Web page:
Tomorrow’s Toilets

Stephen DeAngelis

April 1, 2010

At the close of yesterday’s post about washing machines and water, I indicated that I would next discuss how new designs for toilets are also trying to cut down on water use. Although human waste is not a normal subject brought up in polite company, some people argue that it should be (see my post entitled Infrastructure and Disease). As long as people are taking in food, the waste byproducts of that consumption will inevitably come out and have to be dealt with. Dealing safely with human waste requires a lot of water. Since water is predicted to become a scarce commodity — one over which people may be willing to fight (for more on the subject read my post entitled The Coming Water Wars?). Designers and engineers are trying to mitigate the water impact of sewage disposal through new designs. I first wrote on this subject in a post entitled Sewage and Cleantech. In this post, I want to concentrate on some new toilet designs that the good people at Gizmag have uncovered. The first design addresses two areas where shortages are a concern: water and electricity [“Computerised loo generates electricity when flushed,” by Mike Hanlon, no date provided]. Hanlon reports:

“As the humble computer continues its march into every nook and cranny, it offers unprecedented capability to many household objects which one might have thought entirely adequate. Take for example the toilet … released by Japanese manufacturer www.toto.co.jp. The computerised, eco friendly toilet basin is designed to fully automate the bathroom experience … so all you have to do is sit and be serviced! Its sensor system raises the lid as the user approaches and a hand operated panel to the side of the basin enables bidet-like automatic waterjet washing for sanitary cleaning – no hands needed. When you’re finished, simply stand up and the computerized basin flushes automatically! Now this level of functionality is impressive, but by no means unique – what’s so clever about the Toto system is that it GENERATES electricity from the movement of water being flushed from the cistern into the bowl – this toilet runs on eco-friendly hydroelectric power. It stores the electricity in a dry cell battery that lasts ten years without replacement. As well as facilitating a safe and efficient bathroom experience, the TOTO computerized toilet minimizes water use to when it’s really needed, by running a voltage over the contents of the bowl prior to flushing, analyzing the minimum amount of water required to achieve the result, and hence it uses an absolute minimum of water. When used in public toilets it also ensures maximum sanitary conditions through its non contact design. Thanks to TOTO, the smallest room in the house has just become the most efficient!”

I tried to find the computerized toilet on-line; but Toto has such a dizzying array of toilets I’m not sure whether this one made it to market or not. I did, however, find a very amusing article from about how confusing high-end toilets can be [“But Do They Flush? Japan’s High-Tech Toilets Do Nearly Everything, Even Redden Faces,” by Mary Jordan and Kevin Sullivan, Washington Post, 15 May 1997]. Jordan and Sullivan wrote:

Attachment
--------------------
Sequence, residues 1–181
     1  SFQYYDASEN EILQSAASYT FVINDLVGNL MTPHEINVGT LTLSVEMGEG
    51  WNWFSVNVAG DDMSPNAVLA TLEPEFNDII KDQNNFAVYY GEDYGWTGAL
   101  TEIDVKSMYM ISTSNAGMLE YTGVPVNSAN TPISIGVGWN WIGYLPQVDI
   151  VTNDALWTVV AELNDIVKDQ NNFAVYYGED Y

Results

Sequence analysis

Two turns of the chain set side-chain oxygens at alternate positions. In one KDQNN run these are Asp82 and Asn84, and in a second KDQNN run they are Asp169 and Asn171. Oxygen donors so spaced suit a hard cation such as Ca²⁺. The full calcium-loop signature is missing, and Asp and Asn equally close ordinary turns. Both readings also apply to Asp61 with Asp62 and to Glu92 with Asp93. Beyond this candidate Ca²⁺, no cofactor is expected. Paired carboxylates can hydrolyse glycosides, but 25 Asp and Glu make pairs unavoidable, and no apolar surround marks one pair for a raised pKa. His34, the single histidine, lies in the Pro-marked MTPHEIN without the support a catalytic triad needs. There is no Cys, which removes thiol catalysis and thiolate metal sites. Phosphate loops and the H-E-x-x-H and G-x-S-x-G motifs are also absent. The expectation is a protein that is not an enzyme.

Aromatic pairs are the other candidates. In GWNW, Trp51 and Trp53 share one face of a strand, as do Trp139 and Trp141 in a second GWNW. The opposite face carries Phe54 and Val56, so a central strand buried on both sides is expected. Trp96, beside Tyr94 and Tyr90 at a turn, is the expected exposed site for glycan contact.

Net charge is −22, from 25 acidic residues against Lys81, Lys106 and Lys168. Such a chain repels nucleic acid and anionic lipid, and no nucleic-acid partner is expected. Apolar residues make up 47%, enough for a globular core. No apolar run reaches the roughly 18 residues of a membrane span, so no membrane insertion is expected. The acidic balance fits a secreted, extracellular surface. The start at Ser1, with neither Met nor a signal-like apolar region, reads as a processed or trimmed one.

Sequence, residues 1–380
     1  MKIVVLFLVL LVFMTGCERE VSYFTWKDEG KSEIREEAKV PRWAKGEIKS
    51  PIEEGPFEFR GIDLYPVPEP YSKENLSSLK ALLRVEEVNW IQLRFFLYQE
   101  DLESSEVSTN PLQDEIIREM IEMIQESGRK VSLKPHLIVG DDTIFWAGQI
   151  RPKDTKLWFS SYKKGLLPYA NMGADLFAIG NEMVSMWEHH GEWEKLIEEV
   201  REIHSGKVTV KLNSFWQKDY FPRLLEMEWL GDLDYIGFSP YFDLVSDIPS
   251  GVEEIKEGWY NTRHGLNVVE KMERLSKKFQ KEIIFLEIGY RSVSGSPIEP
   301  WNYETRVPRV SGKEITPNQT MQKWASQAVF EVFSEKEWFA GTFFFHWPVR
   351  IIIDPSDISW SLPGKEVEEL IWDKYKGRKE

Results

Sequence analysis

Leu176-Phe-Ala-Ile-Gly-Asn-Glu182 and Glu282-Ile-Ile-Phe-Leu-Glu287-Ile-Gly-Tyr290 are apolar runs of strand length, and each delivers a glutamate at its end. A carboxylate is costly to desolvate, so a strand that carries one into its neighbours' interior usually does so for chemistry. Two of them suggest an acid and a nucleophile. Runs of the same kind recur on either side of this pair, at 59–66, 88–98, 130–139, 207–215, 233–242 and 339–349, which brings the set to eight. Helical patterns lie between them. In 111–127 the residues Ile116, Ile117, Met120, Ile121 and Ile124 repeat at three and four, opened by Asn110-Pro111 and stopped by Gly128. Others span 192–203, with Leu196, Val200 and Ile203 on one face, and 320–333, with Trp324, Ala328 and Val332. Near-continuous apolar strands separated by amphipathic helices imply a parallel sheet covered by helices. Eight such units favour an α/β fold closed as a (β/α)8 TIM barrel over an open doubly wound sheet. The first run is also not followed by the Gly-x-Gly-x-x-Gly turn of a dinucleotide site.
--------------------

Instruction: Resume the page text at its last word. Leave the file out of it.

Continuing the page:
“An American diplomat was at a dinner party in a Japanese home when he excused himself to go to the bathroom. He did his business, stood up and realized he didn’t have a clue about how to flush the toilet. The diplomat speaks Japanese, but he was still baffled by the colorful array of buttons on the complicated keypad on the toilet. So he just started pushing. He hit the noisemaker button that makes a flushing sound to mask any noise you might be making in the john. He hit the button that starts the blow-dryer for your bottom. Then he hit the bidet button and watched helplessly as a little plastic arm, sort of a squirt gun shaped like a toothbrush, appeared from the back of the bowl and began shooting a stream of warm water across the room and onto the mirror. And that’s how one of America’s promising young Foreign Service officers ended up frantically wiping down a Japanese bathroom with a wad of toilet paper.”

Hanlon also wrote about another water saving toilet called the Propelair WC [“New toilet cuts water consumption by 84 percent,” 15 July 2006]. He reports:

“Here’s a brilliant idea that we think needs recognition, particularly given that water restrictions are starting to become commonplace in western countries. The Propelair WC uses just 1.5 litres per flush compared with the 9 litres used by an average UK toilet– in one household alone, this can save 5 tonnes of water per month. The Propelair system looks like a conventional toilet and is used in the same way. It has a sealable lid that allows air to force waste and a small amount of water from the bowl, giving improved flushing and drainage performance. The system generates its own air, requires no ancillary equipment and connects to existing plumbing, but can also connect via flexible waste-pipes for awkward installations … and uses one sixth of the water used by a conventional toilet system. … Garry Moore, Managing Director of Phoenix Product Development Ltd, says: ‘As properties across the country face the prospect of compulsory water metering and developers face tighter restrictions on water use in both residential and commercial buildings, the importance of water conservation technology becomes paramount.’ Phoenix believe that water conservation technology like Propelair offers a cost effective and more easily deployed solution to water shortages than major capital investment in new water supply facilities. Moore adds: ‘The Water Research Centre estimates that even a modest uptake of the Propelair system could create a saving of 140 million litres of water daily, the same volume of water that Thames Water’s recently proposed desalination plant in East London could produce in a day.'”

I went to the Propelair website and it looks like the toilet has yet to come to market. Another exploratory toilet is called the NoMix [“NoMix toilets make a splash in European study,” by Ben Coxworth, Gizmag, 14 March 2010]. As its name suggests, the NoMix toilet separates liquid and solid human waste in order to reduce water usage. Coxworth explains: